July 29, 2015 By: Wing T. Yan and Taiji Yoshino
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Last June saw some significant changes to the Trade-marks Act with the passing of Bill C-31, the Budget Implementation Act. These are the first major updates to the Trade-marks Act in over sixty years. This post looks at divided applications.

The Bill introduces a new scheme that allows an applicant to divide an application into two or more applications. Divided applications will have the same filing date and priority date, if applicable.

This would be particularly effective, for example, if the application recites multiple classes of goods and services, and may be allowable for some of those classes, but not all (typically due to confusion with other registered trademarks). To speed up the process of obtaining registration, the applicant may divide the application into at least two: one application with all the allowable goods/services, and the other with objected goods and services. This will allow the applicant to obtain, at least, registration for the goods and services that would not cause any confusion to the public, and take time to obtain registrations for those that may be confusing with other registered marks. Since the divided applications are owned by the same owner, such divisional applications will not be cited against each other for confusion by the Examiner.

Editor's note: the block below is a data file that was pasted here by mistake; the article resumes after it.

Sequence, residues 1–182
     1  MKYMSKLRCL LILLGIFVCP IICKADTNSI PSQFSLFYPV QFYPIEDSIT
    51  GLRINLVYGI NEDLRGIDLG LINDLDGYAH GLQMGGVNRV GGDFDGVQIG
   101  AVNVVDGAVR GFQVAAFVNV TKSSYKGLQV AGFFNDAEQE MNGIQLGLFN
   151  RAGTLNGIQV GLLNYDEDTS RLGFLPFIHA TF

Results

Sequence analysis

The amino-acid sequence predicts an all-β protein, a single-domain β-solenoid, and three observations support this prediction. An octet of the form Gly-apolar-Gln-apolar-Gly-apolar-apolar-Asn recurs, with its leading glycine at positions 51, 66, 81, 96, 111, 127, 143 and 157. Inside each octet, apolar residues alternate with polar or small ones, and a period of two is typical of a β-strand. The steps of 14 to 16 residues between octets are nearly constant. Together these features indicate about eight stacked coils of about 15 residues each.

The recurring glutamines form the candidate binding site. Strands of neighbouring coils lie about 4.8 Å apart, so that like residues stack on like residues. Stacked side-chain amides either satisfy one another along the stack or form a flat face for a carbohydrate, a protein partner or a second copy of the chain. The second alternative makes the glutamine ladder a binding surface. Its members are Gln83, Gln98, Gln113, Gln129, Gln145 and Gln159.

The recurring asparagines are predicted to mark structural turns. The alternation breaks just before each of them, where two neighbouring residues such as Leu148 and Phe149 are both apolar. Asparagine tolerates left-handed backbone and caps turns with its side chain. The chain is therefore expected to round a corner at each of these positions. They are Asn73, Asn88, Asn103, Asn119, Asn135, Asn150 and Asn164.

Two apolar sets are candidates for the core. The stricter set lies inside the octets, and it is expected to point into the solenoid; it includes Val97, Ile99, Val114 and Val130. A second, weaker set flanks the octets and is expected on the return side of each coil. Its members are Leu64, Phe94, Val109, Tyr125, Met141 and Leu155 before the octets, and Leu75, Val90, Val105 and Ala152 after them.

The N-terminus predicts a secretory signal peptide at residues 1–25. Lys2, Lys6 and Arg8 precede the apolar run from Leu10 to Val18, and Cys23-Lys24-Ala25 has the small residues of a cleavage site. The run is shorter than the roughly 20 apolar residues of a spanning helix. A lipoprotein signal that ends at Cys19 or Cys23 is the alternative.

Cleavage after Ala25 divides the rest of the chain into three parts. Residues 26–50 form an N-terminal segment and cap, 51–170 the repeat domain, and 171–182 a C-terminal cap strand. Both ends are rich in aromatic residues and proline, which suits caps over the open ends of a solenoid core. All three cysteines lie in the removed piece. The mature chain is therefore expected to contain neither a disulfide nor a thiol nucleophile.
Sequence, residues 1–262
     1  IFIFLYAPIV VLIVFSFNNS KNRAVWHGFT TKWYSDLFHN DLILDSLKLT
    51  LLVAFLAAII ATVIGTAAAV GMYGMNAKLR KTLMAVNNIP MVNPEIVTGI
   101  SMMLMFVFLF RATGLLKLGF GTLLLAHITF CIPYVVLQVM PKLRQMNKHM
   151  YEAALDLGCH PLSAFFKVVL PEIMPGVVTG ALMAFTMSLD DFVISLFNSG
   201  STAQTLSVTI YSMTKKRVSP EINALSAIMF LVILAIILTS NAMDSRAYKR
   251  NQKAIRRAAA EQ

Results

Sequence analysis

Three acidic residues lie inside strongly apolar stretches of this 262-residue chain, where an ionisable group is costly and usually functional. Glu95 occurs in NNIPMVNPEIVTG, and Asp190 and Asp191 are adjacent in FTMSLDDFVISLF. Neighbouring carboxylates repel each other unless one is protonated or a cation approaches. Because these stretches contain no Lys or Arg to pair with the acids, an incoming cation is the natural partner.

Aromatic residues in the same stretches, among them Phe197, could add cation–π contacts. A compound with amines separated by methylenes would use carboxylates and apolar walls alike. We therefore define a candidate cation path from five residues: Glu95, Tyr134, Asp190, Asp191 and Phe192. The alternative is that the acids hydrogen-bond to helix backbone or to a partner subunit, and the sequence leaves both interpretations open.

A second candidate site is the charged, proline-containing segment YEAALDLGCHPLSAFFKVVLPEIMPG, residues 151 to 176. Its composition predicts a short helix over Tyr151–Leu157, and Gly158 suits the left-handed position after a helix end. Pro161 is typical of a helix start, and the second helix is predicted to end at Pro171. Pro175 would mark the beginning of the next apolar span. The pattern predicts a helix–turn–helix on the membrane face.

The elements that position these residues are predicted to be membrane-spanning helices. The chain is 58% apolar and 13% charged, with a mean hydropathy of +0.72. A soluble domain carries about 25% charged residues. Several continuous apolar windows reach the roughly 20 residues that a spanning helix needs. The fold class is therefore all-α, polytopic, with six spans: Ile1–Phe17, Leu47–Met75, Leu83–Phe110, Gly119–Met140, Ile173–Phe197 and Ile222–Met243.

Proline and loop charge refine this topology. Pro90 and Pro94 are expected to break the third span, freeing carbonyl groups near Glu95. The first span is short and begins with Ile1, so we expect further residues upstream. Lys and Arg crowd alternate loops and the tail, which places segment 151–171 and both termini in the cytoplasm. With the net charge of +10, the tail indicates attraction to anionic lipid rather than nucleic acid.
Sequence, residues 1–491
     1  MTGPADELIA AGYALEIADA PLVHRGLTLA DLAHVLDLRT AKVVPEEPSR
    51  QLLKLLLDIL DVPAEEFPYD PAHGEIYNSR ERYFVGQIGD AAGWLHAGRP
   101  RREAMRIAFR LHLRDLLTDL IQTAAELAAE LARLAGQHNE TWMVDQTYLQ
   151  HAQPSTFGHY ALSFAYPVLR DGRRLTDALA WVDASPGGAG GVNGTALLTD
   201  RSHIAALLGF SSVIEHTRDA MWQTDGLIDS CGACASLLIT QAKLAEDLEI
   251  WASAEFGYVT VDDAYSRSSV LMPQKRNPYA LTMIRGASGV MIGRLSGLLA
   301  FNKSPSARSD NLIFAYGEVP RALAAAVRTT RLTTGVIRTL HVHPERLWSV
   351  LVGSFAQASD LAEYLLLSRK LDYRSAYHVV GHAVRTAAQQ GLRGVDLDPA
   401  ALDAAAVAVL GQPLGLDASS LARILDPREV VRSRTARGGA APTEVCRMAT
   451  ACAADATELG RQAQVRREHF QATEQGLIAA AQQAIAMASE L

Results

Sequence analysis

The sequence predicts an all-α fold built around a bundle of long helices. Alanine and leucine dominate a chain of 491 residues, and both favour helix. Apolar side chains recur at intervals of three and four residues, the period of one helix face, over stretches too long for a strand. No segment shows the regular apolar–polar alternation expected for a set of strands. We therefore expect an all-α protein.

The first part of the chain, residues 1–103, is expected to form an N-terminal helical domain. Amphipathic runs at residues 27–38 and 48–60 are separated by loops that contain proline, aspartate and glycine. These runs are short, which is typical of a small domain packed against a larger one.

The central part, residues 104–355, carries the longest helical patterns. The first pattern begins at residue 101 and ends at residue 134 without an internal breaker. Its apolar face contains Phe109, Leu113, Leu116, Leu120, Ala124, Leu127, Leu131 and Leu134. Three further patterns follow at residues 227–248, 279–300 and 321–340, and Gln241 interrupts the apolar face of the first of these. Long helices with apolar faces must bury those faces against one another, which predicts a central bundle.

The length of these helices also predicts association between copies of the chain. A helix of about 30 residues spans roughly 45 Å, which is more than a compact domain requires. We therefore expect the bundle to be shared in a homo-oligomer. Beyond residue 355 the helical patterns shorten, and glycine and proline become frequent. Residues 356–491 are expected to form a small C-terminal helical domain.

Under the current Act, there is a concept of “associated trademarks”, which states that all confusingly similar trademarks must be owned by the same owner. The new Act repeals the concept of “associated trademarks”, but retains the criteria for treating confusing marks. For example, confusing trademarks can only be registered if the applicants/owners of all such confusing trademarks are the same. However, the new Act will no longer restrict amendments to the register (such as for transferring part of confusing marks to others). Therefore, the new Act allows some confusing marks to be assigned to and owned by a third party.

This content is not intended to provide legal advice or opinion as neither can be given without reference to specific events and situations. © 2017 Nelligan O’Brien Payne LLP.